It is important, however, to acknowledge that the economic impact of diamonds is not without its challenges. The industry has faced criticisms regarding revenue transparency, distribution of benefits, and the potential for economic dependence on diamond revenues in mining countries.

Diamonds in the largest economies

The top diamond-producing countries in the world include Russia, Botswana, Canada, Angola, and South Africa. In 2023, Russia was thought to have the largest diamond reserves in the world, with an estimated 600 million carats

Almost half of all diamonds worldwide are used for industrial purposes, such as cutting, drilling, grinding, and polishing. The total global reserve of these diamonds is estimated at 1.7 billion carats

Some of the largest economies are affected by the import and export of diamonds. Below are some key facts about these economies:

  1. African Countries
    The diamond trade contributes approximately $7.6 billion per year to Africa. For example, diamonds account for 71% of Botswana's export revenue, 16% of the government revenue, and 16% of the gross domestic product (GDP).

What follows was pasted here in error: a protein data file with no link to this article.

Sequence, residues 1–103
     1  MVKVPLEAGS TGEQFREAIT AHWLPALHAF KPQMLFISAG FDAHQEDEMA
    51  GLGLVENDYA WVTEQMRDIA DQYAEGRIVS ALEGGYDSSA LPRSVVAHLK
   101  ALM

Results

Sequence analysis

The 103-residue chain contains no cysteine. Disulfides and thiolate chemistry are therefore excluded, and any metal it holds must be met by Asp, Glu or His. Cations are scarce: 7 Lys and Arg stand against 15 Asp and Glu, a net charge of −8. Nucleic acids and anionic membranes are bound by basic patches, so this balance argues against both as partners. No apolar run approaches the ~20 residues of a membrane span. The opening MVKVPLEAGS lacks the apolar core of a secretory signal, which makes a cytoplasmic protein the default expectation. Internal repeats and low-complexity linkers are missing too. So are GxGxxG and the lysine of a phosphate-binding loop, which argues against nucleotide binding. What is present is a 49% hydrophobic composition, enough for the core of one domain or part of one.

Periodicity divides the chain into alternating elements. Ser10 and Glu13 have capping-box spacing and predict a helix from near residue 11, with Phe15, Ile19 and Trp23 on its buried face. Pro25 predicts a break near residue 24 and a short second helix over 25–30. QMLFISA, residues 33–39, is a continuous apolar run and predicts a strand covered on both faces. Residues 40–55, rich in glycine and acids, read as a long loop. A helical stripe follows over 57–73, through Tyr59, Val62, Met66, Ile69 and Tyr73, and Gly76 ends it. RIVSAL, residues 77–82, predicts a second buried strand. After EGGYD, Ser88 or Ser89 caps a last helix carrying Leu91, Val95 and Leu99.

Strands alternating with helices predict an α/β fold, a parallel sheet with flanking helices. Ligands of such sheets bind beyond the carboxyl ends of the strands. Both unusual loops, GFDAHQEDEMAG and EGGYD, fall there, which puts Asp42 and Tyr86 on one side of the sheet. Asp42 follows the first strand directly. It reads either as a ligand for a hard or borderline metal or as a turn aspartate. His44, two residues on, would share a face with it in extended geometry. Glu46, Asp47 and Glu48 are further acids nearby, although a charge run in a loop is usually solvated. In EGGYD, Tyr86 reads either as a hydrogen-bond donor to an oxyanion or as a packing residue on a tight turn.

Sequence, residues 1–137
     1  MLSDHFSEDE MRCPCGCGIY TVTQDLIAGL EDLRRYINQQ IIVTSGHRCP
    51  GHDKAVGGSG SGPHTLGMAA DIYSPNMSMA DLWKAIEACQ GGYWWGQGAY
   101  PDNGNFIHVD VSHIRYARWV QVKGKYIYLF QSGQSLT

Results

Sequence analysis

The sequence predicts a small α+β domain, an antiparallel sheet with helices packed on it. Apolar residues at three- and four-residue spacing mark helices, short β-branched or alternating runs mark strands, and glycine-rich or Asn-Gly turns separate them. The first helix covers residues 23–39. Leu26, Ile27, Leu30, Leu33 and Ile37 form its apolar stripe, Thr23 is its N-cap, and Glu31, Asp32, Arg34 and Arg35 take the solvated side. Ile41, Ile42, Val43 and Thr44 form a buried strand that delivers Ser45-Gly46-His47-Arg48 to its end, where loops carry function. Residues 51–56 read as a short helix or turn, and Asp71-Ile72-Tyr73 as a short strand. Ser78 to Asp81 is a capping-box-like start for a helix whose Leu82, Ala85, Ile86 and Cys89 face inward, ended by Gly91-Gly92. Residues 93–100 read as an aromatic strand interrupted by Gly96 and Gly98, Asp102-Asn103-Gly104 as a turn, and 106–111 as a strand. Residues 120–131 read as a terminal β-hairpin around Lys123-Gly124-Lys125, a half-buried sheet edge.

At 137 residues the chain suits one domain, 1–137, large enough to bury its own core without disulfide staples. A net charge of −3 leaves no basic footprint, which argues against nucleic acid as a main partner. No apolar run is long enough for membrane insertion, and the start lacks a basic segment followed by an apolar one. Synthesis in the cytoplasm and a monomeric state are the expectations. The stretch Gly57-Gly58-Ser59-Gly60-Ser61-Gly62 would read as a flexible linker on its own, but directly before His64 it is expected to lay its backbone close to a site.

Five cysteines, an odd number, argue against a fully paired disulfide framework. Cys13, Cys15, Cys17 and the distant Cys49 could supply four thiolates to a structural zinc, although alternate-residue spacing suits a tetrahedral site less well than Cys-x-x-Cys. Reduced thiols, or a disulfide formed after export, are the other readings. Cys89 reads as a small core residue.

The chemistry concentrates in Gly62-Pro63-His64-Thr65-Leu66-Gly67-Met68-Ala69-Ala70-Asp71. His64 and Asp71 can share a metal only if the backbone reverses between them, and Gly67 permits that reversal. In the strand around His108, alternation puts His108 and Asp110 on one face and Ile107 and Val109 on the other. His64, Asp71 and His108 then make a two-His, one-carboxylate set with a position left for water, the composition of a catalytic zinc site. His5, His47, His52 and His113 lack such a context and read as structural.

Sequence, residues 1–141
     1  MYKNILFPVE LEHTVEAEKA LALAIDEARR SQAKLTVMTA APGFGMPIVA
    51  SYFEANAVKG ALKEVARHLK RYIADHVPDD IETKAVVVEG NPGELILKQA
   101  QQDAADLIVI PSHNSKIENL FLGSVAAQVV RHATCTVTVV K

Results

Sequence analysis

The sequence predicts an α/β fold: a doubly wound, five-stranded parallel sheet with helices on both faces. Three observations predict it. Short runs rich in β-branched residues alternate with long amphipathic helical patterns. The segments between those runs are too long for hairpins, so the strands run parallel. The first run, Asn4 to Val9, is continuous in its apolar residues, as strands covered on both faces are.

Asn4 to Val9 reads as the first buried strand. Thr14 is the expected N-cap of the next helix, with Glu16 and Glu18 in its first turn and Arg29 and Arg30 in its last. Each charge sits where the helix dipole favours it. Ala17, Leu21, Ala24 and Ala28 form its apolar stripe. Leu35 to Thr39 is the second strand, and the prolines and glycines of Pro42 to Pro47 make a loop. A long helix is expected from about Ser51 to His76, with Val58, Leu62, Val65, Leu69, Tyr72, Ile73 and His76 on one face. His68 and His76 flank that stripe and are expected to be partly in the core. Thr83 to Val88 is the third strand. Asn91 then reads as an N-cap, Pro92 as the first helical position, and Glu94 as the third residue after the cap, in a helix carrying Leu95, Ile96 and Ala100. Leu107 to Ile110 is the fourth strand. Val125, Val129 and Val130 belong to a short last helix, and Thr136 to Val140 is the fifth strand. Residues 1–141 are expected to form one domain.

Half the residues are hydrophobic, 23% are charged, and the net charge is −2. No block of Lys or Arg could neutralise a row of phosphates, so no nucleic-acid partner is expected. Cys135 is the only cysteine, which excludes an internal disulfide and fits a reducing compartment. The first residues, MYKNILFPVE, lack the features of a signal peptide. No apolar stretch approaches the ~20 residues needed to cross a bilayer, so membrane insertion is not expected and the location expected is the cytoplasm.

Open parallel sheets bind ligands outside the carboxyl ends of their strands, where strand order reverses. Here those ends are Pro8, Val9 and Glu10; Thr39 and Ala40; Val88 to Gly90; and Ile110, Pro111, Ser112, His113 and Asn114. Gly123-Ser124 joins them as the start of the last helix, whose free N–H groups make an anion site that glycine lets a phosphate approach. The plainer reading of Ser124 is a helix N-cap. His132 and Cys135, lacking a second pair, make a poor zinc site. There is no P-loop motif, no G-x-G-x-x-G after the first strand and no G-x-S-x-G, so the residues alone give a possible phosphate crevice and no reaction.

In Namibia, diamonds represent approximately 21% of GDP, 48% of export revenue, and 59% of the government's annual revenue. (
  2. Russia and Botswana
    Together, these two countries produce 43% of the total volume and 53% of the total value of rough diamonds globally.
  3. South Africa
    South Africa produces around 49% of the world's diamonds, and mining significantly impacts its economy. De Beers, which owns most of the mines in South Africa, controls about 80% of diamond sales, bringing significant money into the South African economy.
  4. Canada and Australia
    Canada is the world's third-largest producer of diamonds, while Australia is the world's fourth-largest producer.

Diamonds can shape and impact a country's operations, particularly for larger communities in mining areas. Economies can be greatly affected by the diamond industry.

Leading diamond-producing countries

According to the latest data, Russia, Botswana and the Democratic Republic of Congo are thought to hold the largest diamond reserves in the world - as demonstrated below. These figures are for industrial diamonds only. 

Diamond Reserves By Country Are Diamonds Bad Environment

Rough diamond production, which leads to the sparkling gems we recognise in jewellery, also comes predominantly from Russia. They are the largest producer of rough diamonds, with approximately a 35% share in the total volume worldwide in 2022.